You’ve felt it yourself, and as a manager you’ve noticed the difference: what you eat has a big impact on both work performance and productivity.
It’s not just how you feel on the day, although that matters too. We know that foods like cake and biscuits only make people feel more sluggish and foggy after the sugar hit wears off. We all recall the drowsiness after a particularly big and greasy lunch.
On the flip side, you’ve probably also experienced how little you can concentrate when you’re hungry.
It’s also long-term. Recent research from the Health Enhancement Research Organisation (HERO), Brigham Young University and the Centre for Health Research shows what employees eat has a direct effect on productivity.
They found employees who eat healthy are 25 percent more likely to have higher job performance.
Even more specifically, employees who ate five or more servings of fruit and vegetables at least four times a week are 20 percent more likely to be more productive.
Absenteeism is also affected by long-term eating habits. Employees who ate healthy and exercised regularly had a 27% lower absenteeism rate.
While it’s the evidence is obvious, the solution is not so easy.
No one, absolutely no one, wants to be told what to eat. Least of all by their boss. Eating is a private and personal matter. It’s emotional and psychological and complex.
Pretty much everyone knows they should eat five serves of veg a day and cut back on sugar, but few people manage it sustainably.
There are multiple reasons people make poor choices at work:
Yet some companies have managed to change their employees’ eating habits.
Here are some of the best examples:
Google in Sydney gives employees three meals a day, plus healthy snacks. All coded (of course) according to nutrition.
Kaiser Permanente, USA, offers healthy choices in all its cafeterias, plus provides 50 in-house farmer’s markets across all its campuses each year.
Whole Foods Market, USA: as you’d expect, Whole Foods live the employee brand. Employees get discounts on the healthy foods sold in stores, but more importantly, they also offer a free seven-day health programs that include seminars and sessions from nutritionists.
Genentech, USA, also offers on-site farmer’s markets and fresh food stands, along with a subsidised cafeteria with sushi and a salad bar.
Swisse in Australia offers free breakfast for those who come early, plus fresh fruit.
Hasbro in Australia offers weekly subscriptions to a veggie box program.
Sure, some of these might be beyond the means of most small to medium sized companies. But the key success factor remains the same: culture. These companies are working to create a culture of health and wellness, where good nutrition becomes the norm.
At Healthworks, we talk about the four Ps of behaviour change and culture change. They start with knowledge and skills, but they extend far beyond to the whole environment surrounding each employee.
Start with education, without ever calling it education. No one wants to be lectured at about their eating habits. Provide fun, engaging and respectful ways to build employees’ awareness, knowledge and skills around healthy eating. Workshops, seminars and one-on-one consultations work will here.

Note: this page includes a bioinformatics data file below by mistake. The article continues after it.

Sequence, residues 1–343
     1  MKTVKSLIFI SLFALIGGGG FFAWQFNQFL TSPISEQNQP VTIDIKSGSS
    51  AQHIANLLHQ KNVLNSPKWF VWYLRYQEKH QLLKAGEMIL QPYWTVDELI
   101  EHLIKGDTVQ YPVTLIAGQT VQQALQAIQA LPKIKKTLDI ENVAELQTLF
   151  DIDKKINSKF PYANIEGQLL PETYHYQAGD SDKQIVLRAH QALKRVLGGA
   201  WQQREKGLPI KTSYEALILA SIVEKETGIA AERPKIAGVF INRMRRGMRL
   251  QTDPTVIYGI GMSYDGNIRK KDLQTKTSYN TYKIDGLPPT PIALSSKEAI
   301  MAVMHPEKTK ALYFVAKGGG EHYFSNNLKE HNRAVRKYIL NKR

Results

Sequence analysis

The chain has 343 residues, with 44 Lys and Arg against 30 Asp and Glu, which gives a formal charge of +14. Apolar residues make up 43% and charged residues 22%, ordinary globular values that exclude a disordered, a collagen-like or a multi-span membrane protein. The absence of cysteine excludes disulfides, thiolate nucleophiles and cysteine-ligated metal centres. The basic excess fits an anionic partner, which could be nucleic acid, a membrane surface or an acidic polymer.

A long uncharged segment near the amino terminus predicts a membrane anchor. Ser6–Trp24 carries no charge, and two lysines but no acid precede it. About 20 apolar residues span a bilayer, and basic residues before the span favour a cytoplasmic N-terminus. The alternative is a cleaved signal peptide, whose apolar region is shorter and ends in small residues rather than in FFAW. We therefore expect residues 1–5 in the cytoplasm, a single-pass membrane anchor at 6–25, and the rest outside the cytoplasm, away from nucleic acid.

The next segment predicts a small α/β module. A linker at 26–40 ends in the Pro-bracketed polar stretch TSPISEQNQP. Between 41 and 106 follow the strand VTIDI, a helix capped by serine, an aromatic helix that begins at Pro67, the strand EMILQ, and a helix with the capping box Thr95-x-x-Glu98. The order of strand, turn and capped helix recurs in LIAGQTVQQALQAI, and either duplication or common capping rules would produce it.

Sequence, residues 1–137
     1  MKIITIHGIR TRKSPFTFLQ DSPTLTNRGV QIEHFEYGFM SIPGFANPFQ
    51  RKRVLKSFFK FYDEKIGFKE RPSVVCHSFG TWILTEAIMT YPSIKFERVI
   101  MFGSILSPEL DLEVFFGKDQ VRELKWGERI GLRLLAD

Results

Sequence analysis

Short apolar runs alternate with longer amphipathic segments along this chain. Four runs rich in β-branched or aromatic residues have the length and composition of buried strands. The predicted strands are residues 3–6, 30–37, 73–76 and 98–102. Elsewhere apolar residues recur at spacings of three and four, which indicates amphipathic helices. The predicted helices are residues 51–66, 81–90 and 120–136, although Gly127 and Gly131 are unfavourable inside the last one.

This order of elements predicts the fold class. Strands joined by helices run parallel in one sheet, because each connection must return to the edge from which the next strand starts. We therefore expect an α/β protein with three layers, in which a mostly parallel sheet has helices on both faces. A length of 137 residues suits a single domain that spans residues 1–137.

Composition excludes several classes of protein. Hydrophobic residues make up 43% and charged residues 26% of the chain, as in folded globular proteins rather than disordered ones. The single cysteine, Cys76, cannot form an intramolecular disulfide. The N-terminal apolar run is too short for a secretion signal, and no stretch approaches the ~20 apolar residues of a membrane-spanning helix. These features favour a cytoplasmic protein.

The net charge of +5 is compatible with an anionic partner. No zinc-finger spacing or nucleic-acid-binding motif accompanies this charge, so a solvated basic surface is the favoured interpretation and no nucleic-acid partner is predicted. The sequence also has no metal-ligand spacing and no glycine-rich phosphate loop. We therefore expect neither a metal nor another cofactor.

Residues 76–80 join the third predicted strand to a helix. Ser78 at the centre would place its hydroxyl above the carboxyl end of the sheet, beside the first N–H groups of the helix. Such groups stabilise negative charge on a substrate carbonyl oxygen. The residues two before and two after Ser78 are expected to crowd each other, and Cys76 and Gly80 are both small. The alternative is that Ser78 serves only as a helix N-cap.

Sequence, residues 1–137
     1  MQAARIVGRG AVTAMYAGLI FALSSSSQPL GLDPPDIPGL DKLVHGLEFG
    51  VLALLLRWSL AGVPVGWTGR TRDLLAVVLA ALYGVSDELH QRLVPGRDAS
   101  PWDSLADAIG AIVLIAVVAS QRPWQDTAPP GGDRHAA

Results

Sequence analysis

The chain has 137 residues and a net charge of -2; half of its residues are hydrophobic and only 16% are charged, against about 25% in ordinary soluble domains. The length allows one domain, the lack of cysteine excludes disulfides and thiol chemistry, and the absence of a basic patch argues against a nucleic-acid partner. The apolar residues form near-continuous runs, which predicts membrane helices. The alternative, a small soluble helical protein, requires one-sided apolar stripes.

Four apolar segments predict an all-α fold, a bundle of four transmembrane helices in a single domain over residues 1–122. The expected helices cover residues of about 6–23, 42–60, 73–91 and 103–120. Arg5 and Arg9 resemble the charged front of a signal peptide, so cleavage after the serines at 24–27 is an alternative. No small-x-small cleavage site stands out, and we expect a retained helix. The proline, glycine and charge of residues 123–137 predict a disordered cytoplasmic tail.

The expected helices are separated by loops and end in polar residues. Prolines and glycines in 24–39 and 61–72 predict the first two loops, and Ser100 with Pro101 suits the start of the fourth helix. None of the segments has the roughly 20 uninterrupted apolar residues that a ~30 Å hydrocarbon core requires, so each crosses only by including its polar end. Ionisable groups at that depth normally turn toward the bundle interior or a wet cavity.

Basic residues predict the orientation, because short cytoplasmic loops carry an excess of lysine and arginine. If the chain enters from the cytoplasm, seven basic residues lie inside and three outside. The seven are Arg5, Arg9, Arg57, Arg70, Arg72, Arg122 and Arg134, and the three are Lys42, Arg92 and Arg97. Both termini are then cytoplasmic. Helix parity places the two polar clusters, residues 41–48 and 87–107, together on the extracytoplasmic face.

Just as importantly, actively encourage employees to try out these skills. Nutrition Challenges can be huge fun, turning healthy eating into a positive, high energy group experience.
Consider peer influence: when everyone is eating healthy food, a new employee is likely to follow suit.
Then consider the physical workplace. Do employees have access to healthy food? Do you offer free fruit instead of free biscuits? Offer discounts on fruit & veg boxes? If you have an onsite café, are healthy foods more prominent and cheaper? Do you offer discounts on local food outlets that are healthier options?
Policy comes next, although we wouldn’t suggest “policing” food. It’s more about encouraging healthy eating patterns: not having compulsory meetings during lunch breaks; or if you provide meals for overtime, then the rule is healthy options rather than pizza, for example. It’s also unwritten rules such as replacing the office cake with celebratory fruit and cheese platters.
Then lastly, we can tap into trends in the wider society. The government runs many healthy eating programs, most of which offer free resources. Check out sites such as www.eatforhealth.gov.au and www.gofor2and5.com.au
Healthworks offers a number of ways to help create sustained culture change:
1. Nutrition consults
Employees receive a one-on-one session with a nutritionist or dietician. They look at ways to overcome bad eating habits and plan feasible and fun ways to eat healthier.
2. Nutrition seminars
We offer five engaging nutrition seminars, which show employees easy ways to eat healthier and feel better.
3. Chews to Change challenge
A fun 4 week challenge, focusing purely on nutrition. Employees tackle weekly tasks that help them develop new healthy eating habits.
4. Activate digital platform
Nutrition is a core component of the Activate online wellness platform. The platform includes healthy eating articles and recipes, plus nutrition challenges.
In fact, our next challenge takes employees on a virtual tour of Italy, where they can score bonus points for trying nutritious Italian dishes at home.